“When You Say Nothing At All” is just a great song, period, and a fine example of the many quality songs Paul Overstreet was churning out during the second half of the 80’s and early 90’s. As much as I really like Alison Krauss’s version, though, I have to agree with Paul that I would personally still rank Keith Whitley’s version higher, simply because it’s the version I fell in love with first, and I just love how Keith sings it. Other versions I enjoy are by Paul Overstreet, in which there are several videos on Youtube of him performing it, as well as former Nashville Star contestant John Arthur Martinez, who recorded a great bilingual version of it on the first Nashville Star compilation cd.

    On the other side of the coin, “Here You Come Again,” and “You Decorated My Life,” are examples of that smooth, late 70’s pop country style that I also enjoy. Even though she surely got some accusations of selling out during that time, I really like a lot of Dolly’s contemporary country from the late 70’s and early 80’s and I think she pulled off that style just as well as her traditional country stuff. Agree that “Jolene” should still be higher, though. As for Kenny Rogers, many of his love ballads from the same time period are definitely guilty pleasures for me, “YDML” being one of them. He was certainly an example of pop country done with class. Not sure I’d have it this high, though.

    While “The Bottle Let Me Down” is not one of my top favorite Haggard songs, it’s still no doubt a classic and deserves to be higher than this (are you actually serious on the Jana Kramer thing?!). I do really like George Jones’ cover of it on his Walls Can Fall, album, though.

    “Ol Red” is one of Blake’s better songs from the pre Voice era, but I much prefer George Jones’ earlier version of it on his overlooked You Oughta Be Here With Me album. He sings it with much more personality, imo. BTW, totally agree with you guys on “Feed Jake.” Talk about another great early 90’s song that brings back some great childhood memories….

    Ahh, the good ol’ days when Thomas Rhett was doing bro-country instead of metro-bro/boyfriend country….NOT! Just what the heck is “Get Me Some Of That” doing here and ahead of the rest of these songs, no less?

    I’m seriously surprised that they even remembered “Come Over,” let alone bother to put it this high on the list.

  4. “If chlamydia could sing it would sound like this”

    That might be the best takedown of a song I have ever seen and I’ve seen a fair amount of good ones

  5. I agree with many of the reviewers here, esp on the Kenny and Blacke songs. As far as AKUS song goes, I just cannot judge it fairly either way. I grew up on the Keith Whitley version (Literally, as i was born in 1974) and nothing else sounds really “right.” Sorry Allison.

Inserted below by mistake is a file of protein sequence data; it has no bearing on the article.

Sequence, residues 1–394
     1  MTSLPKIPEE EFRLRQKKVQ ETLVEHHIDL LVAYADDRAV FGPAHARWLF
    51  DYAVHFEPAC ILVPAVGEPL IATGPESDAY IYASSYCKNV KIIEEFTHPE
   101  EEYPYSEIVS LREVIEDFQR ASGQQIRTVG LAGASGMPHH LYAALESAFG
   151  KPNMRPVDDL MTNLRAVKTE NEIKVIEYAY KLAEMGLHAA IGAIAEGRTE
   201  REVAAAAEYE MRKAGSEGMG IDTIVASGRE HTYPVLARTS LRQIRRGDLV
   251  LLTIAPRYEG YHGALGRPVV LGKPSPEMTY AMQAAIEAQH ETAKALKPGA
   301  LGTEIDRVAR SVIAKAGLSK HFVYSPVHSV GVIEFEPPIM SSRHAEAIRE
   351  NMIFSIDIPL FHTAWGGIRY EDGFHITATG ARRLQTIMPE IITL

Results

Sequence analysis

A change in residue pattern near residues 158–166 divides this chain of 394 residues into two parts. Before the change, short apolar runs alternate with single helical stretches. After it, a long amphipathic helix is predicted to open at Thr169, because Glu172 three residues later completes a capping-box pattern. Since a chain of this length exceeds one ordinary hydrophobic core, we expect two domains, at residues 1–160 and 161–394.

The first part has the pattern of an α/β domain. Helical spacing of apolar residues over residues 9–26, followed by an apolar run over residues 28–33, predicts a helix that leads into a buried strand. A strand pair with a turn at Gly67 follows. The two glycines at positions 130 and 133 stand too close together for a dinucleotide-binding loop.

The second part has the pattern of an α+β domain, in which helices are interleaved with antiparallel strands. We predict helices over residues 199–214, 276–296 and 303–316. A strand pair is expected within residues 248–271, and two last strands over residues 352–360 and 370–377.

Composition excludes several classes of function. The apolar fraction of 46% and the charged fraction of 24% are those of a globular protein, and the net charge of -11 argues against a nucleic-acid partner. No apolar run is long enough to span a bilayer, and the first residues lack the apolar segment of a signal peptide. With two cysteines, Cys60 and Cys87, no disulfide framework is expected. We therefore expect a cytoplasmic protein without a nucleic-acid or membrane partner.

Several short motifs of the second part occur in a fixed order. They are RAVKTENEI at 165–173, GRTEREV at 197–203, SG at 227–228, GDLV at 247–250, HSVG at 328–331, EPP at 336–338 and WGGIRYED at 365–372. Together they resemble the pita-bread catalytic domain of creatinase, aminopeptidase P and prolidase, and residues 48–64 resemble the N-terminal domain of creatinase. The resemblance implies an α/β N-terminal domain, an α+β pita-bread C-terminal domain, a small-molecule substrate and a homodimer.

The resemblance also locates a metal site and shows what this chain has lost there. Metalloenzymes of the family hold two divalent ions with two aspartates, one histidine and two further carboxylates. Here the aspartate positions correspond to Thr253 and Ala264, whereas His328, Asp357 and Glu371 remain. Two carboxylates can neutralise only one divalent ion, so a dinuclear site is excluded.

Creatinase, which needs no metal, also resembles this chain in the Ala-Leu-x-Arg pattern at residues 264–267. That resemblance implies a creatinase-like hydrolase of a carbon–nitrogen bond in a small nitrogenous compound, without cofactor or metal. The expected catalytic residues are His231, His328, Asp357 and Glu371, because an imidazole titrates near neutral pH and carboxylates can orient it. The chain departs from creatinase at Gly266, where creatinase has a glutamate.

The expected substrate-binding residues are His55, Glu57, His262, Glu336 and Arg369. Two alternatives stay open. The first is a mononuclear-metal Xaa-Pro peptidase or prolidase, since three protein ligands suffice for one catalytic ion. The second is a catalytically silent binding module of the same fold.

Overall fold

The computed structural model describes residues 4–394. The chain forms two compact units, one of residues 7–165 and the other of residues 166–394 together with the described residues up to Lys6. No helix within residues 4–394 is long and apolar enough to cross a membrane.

6. There are a lot of great, slow ballads from the perspective of the cheated-on woman (“Jolene”; “Rumor Has It”). And sometimes you get a great, slow ballad from the perspective of the cheating woman (e.g., “Stay”; “Midnight Oil”).

    But there’s still a place for the full-throated, pissed off, burn-them-all-down song that pours rage in all directions: him, the woman he was with, his car.

    I like “You Ain’t Woman Enough”. And I like “Fist City”. And I like “Before He Cheats”, which is Too Low here.

  7. “Love’s Gonna Live Here” is my favorite Buck Owens single. I was glad to see it here.

    Thomas Rhett, really? Said it before and I’ll say it again: if it weren’t for his dad, he’d be running a cash register in Valdosta.

    “Ol’ Red” is a good song, but is “Feed Jake” anywhere on this list? If it ain’t, it oughta be.

  8. me too on “feed jake” and i only heard it for the first time a few years ago after someone on the CU staff highly recommended it. I see on wiki that the song was released in 1991.

  9. I think Red is a novelty song that fails. AK has a great remake here. Forgive me, but, ummmm, I really don’t think Keith Whitley is all that.

  10. I’ve always loved AKUS’ version of “When you Say Nothing at All,” so I’m glad to see it on the list. If we’re comparing versions, I’d say I slightly prefer Keith Whitley’s version, but it’s close.

    I agree on the “Feed Jake” discussion.

    “The Bottle Let Me Down” is much too low. I’m not surprised that “Before He Cheats” is on the list but I’ve never enjoyed it much and I wouldn’t have included it.

Leave a Reply

Your email address will not be published.


*


This site uses Akismet to reduce spam. Learn how your comment data is processed.